Gotta admit – it’s not my first reaction. Maybe it’s not yours either.
In Psalm 109, David cried out to God for help. He wanted relief from those who were pursuing him for no cause; those who wanted to end his life despite no guilt on his part. Listen to this wholly-unnatural response to his circumstances:
They encircle me with words of hate, and attack me without cause. In return for my love they accuse me, but I give myself to prayer. (109:3-4; emphasis added)
When others hated, accused and attacked him, David gave himself to prayer. But, believe it or not, this likely meant something much deeper than David praying for his own relief. In his commentary on this passage, Albert Barnes writes,
But I give myself unto prayer – literally, “I – prayer;” that is, I am all prayer; I continually pray. This may mean, either, that he bore these trials with a meek spirit, and did not allow these things to disturb his devotions; or, more probably, that he prayed constantly “for them;” he desired their good, and sought it from above.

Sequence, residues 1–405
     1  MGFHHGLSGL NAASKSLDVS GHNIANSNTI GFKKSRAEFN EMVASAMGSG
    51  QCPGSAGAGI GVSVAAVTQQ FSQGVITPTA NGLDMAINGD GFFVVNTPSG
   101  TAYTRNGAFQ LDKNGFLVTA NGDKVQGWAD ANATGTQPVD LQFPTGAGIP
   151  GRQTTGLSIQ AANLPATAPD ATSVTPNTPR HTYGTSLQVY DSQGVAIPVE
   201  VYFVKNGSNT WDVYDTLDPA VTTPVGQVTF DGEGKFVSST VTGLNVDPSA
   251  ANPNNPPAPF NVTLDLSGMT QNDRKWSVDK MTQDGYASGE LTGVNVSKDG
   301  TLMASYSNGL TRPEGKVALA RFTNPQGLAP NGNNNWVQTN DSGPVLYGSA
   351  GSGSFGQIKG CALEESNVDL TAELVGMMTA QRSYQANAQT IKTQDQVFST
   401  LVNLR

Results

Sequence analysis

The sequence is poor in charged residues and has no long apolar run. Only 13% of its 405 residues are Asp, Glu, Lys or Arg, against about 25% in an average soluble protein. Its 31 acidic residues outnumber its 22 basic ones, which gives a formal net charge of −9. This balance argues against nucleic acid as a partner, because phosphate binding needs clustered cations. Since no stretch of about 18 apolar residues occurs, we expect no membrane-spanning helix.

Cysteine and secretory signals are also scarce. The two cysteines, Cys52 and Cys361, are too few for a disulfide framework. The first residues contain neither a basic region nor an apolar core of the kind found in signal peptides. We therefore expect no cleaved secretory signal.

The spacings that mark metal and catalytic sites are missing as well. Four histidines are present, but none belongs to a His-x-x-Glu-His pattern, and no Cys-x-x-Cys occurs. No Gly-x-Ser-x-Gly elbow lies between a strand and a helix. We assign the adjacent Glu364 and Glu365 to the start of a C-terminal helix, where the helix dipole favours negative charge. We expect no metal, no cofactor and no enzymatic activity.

Amazing thought isn’t it? David and prayer seemed to become one; and his prayers did not end with his own benefit. He prayed not only for relief from his attackers – he also prayed FOR his attackers. No wonder God recognized David as a man after His own heart.
How about you? Will you begin to “give yourself to prayer” in the same manner? Seems to be something of which God would approve! –Dave
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